The contest to decide who enters Downing Street and then goes on to win the next election will be decided by a candidate who can reach both populist and fiscal conservatives. This is because the Conservative Party’s voter base is roughly split into two relatively equal groups: one which ranks immigration and the culture wars among their top three issues, and another which does not. Will it be Liz Truss or Rishi Sunak who succeeds in winning over populist voters?
Truss currently has a 34-point lead on Sunak. While she did make her views known on culture war issues more emphatically than Sunak, she has not appeared to be the most hawkish on immigration. (It was Sunak, not Truss, who proposed cracking down on illegal immigration by detaining Channel migrants on cruise ships.)
And yet, as my new survey of 445 2019 Tory voters reveals, she has still emerged as the frontrunner among national populist voters.1 Figure 1, below, shows how support for the leading contenders varies by respondents’ views on immigration. The pattern is clear and highly statistically significant: immigration sceptics back Truss, while those who are content with current numbers lean slightly towards Sunak.
It appears to be one of the principal issues differentiating between the two candidates’ support bases. Table 1, below, shows there is little to distinguish between them on race, gender, age, support for Boris Johnson and even education level. Instead, the most significant differences appear over issues rooted in the national populist attitudes underpinning support for Brexit: immigration and the belief that things in Britain were better in the past.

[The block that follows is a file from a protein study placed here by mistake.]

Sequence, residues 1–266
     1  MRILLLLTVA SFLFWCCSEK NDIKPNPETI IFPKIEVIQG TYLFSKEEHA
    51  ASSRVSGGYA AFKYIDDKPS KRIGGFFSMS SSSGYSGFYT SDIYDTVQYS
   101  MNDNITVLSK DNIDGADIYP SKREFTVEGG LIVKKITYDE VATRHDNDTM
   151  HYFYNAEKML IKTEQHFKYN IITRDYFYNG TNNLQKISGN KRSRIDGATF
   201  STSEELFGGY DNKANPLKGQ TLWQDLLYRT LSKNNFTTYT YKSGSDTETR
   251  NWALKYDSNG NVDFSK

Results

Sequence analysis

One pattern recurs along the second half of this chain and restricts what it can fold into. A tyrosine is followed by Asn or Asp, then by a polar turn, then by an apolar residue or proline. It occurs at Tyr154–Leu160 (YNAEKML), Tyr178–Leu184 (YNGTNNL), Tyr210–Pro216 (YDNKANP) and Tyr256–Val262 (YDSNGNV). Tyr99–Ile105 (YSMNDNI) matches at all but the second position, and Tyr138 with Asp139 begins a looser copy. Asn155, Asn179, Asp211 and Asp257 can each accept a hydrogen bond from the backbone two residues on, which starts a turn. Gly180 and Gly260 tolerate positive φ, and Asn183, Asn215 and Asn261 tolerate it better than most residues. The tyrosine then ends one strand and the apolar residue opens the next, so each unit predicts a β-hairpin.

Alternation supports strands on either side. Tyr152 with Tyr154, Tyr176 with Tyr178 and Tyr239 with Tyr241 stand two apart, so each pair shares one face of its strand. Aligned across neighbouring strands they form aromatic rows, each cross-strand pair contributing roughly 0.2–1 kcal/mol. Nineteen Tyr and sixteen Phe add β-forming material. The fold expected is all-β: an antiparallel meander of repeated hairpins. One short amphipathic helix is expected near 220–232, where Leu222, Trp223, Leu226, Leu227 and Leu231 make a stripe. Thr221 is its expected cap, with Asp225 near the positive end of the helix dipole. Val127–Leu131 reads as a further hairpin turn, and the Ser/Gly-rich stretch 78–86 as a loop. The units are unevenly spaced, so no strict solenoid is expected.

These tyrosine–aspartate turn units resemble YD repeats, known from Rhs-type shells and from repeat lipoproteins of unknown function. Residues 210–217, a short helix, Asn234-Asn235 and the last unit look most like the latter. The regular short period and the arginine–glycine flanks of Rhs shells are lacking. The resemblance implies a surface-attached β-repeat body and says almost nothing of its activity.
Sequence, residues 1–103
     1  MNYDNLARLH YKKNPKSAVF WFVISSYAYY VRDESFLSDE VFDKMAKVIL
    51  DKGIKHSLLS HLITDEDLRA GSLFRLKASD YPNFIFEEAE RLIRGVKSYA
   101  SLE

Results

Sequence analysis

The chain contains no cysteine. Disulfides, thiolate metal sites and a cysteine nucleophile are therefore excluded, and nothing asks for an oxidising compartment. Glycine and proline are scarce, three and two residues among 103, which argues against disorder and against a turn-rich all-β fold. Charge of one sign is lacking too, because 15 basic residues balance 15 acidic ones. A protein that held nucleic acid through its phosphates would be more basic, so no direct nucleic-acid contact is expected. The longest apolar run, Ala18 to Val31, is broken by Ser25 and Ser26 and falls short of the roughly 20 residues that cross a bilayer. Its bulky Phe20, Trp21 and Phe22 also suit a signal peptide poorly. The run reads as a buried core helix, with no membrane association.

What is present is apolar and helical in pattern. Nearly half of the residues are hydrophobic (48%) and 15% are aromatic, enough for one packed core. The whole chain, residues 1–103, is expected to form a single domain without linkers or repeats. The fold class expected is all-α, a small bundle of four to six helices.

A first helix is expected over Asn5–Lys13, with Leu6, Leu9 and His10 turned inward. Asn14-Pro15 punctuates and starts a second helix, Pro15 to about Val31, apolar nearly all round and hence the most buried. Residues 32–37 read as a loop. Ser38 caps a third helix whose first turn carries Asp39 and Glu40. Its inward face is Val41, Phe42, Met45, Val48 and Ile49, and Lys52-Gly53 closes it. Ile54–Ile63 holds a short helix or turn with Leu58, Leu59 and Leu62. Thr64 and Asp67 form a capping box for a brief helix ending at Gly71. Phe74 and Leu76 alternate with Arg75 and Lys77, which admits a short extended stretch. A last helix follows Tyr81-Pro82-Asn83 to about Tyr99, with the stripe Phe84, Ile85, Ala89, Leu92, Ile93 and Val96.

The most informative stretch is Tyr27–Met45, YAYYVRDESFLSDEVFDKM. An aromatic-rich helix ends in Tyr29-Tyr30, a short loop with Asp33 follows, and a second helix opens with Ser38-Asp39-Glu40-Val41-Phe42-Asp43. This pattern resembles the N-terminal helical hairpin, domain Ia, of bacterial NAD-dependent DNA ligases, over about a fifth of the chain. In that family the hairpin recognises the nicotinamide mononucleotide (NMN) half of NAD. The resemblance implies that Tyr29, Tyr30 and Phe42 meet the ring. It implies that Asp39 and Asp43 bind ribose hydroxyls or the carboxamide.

I also asked people to choose their top three issues. When these characteristics are placed in a statistical model, restrictionist immigration attitudes come out as by far the most important predictor of Truss support. Ranking culture wars a top issue is also significantly associated with Truss support, as is being retired/at home. Warmth for Boris is next in importance, though just shy of statistical significance, with greater Boris support predicting a Sunak vote. That is, when you screen out national populist attitudes, those drawn to Boris for other reasons — perhaps his personality or economic liberalism — lean towards Sunak. Sunak, not Truss, is the Boris continuity candidate.
My next aim was to test which factors could yet influence the leadership race. The sample was randomly divided into three equal parts and people were shown separate paragraphs. Group A saw a paragraph constructed from a BBC story about the Bank of England warning of a deterioration in the UK’s economic outlook. Group B read an excerpt drawn from a report about how Truss tried to scrap hundreds of “woke” civil service posts. Group C read part of an article about Sunak wanting to stop the “woke nonsense” he claims is “permeating public life”.
Among those who read the gloomy economic news, Truss barely led Sunak, 52-48. But those reading about Truss’s battle with wokeness backed her 65-35. Meanwhile, people who read about Sunak’s criticism of wokeness still backed Truss by a 60-40 margin. The only statistically-significant effect was for the bad economic news story, which benefited Sunak even if he still fell 4 points shy of Truss. This would suggest some version of “Project Fear”, or bad economic news more generally, could help Rishi.